The Big Lame: Previously Aired Commercials during Super Bowl are Incredibly Disappointing


Three Men on a Couch Watching Television

On February 7th, 2016, more than 110 million people will bear witness to the 50th NFL Super Bowl.

As an avid football fan, food enthusiast, and marketer/creative type, it’s the best day of the year for me.

The pinnacle of sports wrapped in dough, stuffed with pepperoni and mozzarella, and topped with the

finest displays of video advertising we’ll see all year. I love football. I love Stromboli. And I loved the

excitement around super bowl commercials.

Yes, I said loved. In my opinion, the last couple of years have been let downs when it comes to the breaks in sports action. When you Google, “greatest super bowl videos of all time,” most of them are prior to 2010. The two exceptions I came across are Volkswagen’s The Force commercial, which everyone loved, and’s geek making out with Bar Rafaeli, which some people didn’t like at all.

It’s not necessarily the creative that bothers me now, but rather the fact that I will have already seen most of the commercials on primetime TV. Advertisers will actually repurpose ads in a spot that in 2016 will cost them $5M per 30 seconds.

I was only two at the time, so I don’t remember Apple’s 1984 ad that revolutionized Super Bowl commercial advertising, but I know it debuted during the big game. It was strategic, moving, and treated with the respect that roughly 78M viewers deserved (in 2015, there were over 114M viewers). Did you know Ridley Scott directed that? At $10M per minute, maybe someone should get Tarantino on the horn in 2016, but I digress.

The point I want to make is that advertisers should debut their commercials during the Super Bowl, and repurpose them afterwards, not the other way around. There are so many outlets to do so now. Almost every social media platform allows for targeted video advertising: YouTube and Facebook, obviously, and even Twitter is now beta testing video advertising. Plus, with rich media digital executions, you can repurpose your ad with audience targeting on virtually any site you can think of to get it in front of any demographic you need to reach. Shameless plug: It doesn’t have to be a Super Bowl ad. Repurposing your video assets is just plain smart; contact MNI to find out how you can take advantage of the fastest growing, and most effective advertising medium around.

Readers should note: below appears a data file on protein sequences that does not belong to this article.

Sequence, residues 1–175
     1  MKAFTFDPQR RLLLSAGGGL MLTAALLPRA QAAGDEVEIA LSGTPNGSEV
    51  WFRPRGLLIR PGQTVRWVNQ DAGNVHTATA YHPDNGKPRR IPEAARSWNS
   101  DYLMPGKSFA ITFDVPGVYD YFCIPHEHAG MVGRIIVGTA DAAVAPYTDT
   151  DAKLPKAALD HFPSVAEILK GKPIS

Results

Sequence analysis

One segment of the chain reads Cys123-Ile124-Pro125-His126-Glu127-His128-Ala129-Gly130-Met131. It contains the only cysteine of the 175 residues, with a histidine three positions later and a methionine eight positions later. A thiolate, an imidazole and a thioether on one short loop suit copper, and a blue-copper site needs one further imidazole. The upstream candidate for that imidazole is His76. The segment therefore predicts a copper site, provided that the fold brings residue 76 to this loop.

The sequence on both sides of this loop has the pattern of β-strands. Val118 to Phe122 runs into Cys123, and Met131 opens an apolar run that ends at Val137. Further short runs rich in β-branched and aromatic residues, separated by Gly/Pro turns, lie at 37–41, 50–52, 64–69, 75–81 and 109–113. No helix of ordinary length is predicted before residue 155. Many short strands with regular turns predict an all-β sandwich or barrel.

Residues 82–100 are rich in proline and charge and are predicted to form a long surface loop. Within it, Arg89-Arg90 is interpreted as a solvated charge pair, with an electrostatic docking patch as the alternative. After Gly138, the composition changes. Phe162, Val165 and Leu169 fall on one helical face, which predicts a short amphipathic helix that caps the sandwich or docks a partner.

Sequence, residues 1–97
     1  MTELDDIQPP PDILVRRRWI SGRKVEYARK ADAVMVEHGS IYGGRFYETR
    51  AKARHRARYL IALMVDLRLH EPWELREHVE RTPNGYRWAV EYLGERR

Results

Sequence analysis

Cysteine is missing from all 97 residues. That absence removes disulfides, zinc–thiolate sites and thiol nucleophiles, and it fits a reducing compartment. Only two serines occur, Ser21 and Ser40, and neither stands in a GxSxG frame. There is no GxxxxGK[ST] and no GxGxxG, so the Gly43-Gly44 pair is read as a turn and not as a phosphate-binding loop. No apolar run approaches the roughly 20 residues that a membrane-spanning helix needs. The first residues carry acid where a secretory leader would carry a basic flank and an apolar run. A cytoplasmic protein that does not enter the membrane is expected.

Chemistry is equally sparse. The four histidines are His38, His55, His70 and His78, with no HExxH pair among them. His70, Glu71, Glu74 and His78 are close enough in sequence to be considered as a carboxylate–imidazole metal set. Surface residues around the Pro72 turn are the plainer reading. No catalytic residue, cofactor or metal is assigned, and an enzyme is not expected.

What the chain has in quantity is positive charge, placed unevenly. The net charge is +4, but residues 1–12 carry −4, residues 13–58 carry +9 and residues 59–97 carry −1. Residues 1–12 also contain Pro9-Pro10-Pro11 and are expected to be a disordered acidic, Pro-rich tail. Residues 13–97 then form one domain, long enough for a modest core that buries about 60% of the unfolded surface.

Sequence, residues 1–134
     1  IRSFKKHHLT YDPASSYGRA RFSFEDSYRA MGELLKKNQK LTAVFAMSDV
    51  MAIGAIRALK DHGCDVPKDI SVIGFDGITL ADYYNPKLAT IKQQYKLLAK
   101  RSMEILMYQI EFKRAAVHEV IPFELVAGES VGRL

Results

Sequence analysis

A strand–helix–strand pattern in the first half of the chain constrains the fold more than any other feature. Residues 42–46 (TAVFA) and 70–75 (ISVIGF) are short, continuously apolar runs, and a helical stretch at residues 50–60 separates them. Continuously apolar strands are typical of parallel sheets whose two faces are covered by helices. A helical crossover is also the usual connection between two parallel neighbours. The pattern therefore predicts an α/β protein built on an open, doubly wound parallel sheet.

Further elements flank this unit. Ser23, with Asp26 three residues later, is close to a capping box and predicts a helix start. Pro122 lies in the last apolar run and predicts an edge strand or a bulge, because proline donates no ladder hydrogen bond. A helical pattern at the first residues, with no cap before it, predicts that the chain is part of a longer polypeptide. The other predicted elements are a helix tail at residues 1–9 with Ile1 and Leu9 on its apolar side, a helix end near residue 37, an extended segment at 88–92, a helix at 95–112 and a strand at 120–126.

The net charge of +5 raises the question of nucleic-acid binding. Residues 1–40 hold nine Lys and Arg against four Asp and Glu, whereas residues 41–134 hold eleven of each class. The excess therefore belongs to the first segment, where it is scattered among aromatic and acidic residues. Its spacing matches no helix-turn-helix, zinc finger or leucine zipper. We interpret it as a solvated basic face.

So to recap: I love the Super Bowl, but the last few years’ commercials have been disappointing, mostly because I’d seen them before. More importantly, it’s foolish to use a previously-aired ad during the event rather than repurposing it afterwards. It negates the whole build up, the anticipation that you’re going to see an innovative ad for the first time.


- Simplicity, clever comedy, and sex appeal are the perfect combination for the majority of viewers.
  Think Pepsi, 1992, starring Cindy Crawford.

- Really good, simple, clever comedy is highly memorable. Think Budweiser, 1994 frog ad (link).

- Sex does sell. Think Doritos 3D, 1998, starring Ali Landry. Or the much more risqué, borderline NSFW, circa 2005. This company never would have made it without this commercial airing during
  Super Bowl halftime and causing such a backlash.


- More of the same “feel good” ads that don’t upset or offend anyone.

- Kardashians, Bieber, and some Social Media Star that only 12-year-old girls know and care about.

- Cheap comedy that you find in movies starring James Franco.


- A commercial using monkeys. (Commercials starring chimps are just plain hilarious.)

- Commercials that appeal to the majority Super Bowl viewer: beer swigging, wing scarfing, loud,
  obnoxious men. Good thing I’m not famous, or I’d have to issue an apology for that statement.

- A commercial debut that’s original, memorable, and warranting of $5M per 30 seconds.
  Not a commercial I saw last week.